Temple University’s sustainability week started off with the Food Justice Fair on Monday as student and community organizations gathered to share their locally-grown produce with students and anyone passing by.
However, this was more than just a pop-up farmers market. The fair brought forth a theme of awareness about food insecurity among college students. Students who have a difficult time balancing living expenses after spending a major portion of their money on food experience this insecurity.
Many organizations at the fair agree there is a general loss of connection with our agricultural systems. They feel the commoditization of food though industrial means has created a cultural understanding that the only way to obtain food is to purchase the items at your local store. The organizations like Greens Grow Farm, Temple Community Gardening Club and The Office of Sustainability are among the many in attendance hoping to provide comprehensive solutions to this issue.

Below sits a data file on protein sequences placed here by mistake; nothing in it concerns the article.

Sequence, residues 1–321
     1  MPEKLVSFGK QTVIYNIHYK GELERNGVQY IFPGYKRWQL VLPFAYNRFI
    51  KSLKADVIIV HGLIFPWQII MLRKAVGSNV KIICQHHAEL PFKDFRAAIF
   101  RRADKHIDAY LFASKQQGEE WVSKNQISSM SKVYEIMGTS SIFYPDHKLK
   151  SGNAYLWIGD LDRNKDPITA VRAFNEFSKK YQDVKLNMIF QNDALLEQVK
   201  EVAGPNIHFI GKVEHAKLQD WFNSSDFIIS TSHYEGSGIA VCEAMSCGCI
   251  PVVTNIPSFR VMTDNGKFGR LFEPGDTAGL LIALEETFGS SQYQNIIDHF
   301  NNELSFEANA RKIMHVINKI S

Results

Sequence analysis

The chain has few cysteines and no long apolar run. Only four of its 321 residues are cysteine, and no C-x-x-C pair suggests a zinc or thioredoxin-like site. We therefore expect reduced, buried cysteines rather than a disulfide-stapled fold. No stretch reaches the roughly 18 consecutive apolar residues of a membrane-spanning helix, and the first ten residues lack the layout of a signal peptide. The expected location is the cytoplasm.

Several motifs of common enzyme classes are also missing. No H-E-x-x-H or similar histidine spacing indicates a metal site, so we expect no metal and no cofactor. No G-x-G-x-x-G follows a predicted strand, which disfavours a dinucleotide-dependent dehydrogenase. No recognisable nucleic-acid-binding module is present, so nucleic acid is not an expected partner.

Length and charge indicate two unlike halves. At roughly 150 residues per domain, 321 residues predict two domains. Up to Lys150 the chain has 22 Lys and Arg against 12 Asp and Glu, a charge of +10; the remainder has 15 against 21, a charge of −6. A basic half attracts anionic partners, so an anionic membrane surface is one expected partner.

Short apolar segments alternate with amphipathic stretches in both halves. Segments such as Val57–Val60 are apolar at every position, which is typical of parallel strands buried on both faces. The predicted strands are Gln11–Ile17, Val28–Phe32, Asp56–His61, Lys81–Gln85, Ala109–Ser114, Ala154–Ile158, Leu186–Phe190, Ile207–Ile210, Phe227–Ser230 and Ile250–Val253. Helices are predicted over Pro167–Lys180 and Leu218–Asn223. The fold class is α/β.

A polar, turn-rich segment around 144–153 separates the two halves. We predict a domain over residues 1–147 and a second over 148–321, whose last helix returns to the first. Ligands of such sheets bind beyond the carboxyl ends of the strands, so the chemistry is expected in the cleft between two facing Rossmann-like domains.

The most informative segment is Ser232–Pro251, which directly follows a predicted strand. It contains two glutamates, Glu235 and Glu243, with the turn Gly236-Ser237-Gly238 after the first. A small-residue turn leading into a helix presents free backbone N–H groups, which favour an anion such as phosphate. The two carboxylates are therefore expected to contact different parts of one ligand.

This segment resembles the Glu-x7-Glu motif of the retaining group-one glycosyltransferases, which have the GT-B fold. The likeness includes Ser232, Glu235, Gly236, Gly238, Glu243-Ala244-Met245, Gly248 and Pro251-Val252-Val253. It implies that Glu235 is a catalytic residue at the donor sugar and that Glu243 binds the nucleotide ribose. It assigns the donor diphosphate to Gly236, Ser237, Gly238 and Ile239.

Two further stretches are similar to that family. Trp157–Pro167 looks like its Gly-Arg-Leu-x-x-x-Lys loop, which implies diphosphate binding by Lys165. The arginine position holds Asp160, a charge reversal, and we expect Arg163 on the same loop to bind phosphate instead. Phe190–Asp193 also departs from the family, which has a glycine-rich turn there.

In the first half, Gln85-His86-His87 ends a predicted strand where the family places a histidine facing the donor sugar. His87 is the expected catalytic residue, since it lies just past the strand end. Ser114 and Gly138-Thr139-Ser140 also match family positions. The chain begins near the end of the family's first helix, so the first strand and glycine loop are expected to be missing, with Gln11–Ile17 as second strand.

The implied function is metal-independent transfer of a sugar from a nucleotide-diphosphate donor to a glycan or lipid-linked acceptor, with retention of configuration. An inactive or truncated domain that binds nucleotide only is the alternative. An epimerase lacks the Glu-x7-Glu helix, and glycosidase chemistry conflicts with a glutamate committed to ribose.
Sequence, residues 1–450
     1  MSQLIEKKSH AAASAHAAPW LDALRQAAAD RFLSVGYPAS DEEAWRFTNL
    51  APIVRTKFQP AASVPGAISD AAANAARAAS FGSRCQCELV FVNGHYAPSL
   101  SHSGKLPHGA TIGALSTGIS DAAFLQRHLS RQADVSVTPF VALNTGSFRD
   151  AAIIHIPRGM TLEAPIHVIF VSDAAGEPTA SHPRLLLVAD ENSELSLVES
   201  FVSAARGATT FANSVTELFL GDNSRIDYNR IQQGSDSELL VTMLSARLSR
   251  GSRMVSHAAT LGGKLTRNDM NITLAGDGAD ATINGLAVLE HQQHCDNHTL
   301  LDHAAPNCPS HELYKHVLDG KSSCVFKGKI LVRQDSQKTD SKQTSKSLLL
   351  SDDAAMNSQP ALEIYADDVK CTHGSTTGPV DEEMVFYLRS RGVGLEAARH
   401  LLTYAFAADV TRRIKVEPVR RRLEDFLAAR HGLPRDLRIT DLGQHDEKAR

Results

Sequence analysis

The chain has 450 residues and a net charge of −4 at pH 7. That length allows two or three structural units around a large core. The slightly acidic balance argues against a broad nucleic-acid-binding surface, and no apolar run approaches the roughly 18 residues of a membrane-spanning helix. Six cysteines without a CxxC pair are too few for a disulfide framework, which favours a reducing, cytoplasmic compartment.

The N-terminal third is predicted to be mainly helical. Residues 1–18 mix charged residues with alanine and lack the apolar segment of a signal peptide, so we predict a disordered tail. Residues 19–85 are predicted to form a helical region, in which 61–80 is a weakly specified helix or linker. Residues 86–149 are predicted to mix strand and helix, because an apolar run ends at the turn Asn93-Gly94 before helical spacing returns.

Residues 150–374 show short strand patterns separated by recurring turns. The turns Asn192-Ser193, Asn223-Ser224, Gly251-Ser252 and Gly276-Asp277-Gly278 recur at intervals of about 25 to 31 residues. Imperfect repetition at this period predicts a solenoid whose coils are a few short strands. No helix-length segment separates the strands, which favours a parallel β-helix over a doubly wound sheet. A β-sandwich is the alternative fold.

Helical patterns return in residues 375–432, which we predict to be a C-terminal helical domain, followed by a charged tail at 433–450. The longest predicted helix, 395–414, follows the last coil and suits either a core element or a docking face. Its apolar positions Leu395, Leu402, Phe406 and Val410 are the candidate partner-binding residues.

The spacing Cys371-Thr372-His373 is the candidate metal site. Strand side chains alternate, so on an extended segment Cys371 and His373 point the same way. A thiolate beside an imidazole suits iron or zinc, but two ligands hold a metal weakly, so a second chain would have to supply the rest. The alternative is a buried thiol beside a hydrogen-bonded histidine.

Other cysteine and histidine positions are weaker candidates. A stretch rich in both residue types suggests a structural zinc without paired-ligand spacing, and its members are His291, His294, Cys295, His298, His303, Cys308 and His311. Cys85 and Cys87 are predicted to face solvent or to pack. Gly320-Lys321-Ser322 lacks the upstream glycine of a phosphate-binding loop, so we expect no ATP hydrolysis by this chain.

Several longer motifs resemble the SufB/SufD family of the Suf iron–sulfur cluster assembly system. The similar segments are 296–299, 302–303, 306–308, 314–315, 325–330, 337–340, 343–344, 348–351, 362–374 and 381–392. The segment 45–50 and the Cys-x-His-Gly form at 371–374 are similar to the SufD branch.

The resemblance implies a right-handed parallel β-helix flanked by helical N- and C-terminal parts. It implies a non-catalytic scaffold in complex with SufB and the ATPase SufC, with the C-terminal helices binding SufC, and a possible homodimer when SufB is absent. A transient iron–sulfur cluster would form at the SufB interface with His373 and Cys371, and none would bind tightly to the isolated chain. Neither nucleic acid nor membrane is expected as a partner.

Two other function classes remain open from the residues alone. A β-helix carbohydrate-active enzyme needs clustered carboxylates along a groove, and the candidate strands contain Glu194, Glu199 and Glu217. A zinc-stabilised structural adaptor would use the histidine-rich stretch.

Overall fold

“This event is about getting the word out and advocating about the issue. We are exploring the start of a student food pantry at Temple as an aid for student trying to get by and trying to get the degree. You can’t do that if you’re hungry, ” said Lauren Troop of The Office Sustainability.
Nina Taylor of the Temple Community Gardening Club said the club’s locally grown food is free to give away to members of the community and students who come by to work on the garden: “That is what we are here for. We are here to help when you wanna help people. Learn that and empower them to supply themselves with fresh food,” Deirdre Shehly of Greens Grow Farms said.
This common understanding of the struggle for students on a tight budget to pay for food is what brings these organizations together to help give all students the best edibles there is to offer. Given the alternative to purchasing a textbook or lunch for a month, the Food Justice Fair is a reminder that there are more options.
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